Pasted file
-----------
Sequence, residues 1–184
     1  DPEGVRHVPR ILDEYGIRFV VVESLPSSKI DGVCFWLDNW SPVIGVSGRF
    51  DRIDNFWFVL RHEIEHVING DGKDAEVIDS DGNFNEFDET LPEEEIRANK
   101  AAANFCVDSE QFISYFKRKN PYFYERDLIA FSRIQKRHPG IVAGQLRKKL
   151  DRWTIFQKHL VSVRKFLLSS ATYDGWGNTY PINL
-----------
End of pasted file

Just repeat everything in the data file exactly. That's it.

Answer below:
Sequence, residues 1–184
     1  DPEGVRHVPR ILDEYGIRFV VVESLPSSKI DGVCFWLDNW SPVIGVSGRF
    51  DRIDNFWFVL RHEIEHVING DGKDAEVIDS DGNFNEFDET LPEEEIRANK
   101  AAANFCVDSE QFISYFKRKN PYFYERDLIA FSRIQKRHPG IVAGQLRKKL
   151  DRWTIFQKHL VSVRKFLLSS ATYDGWGNTY PINL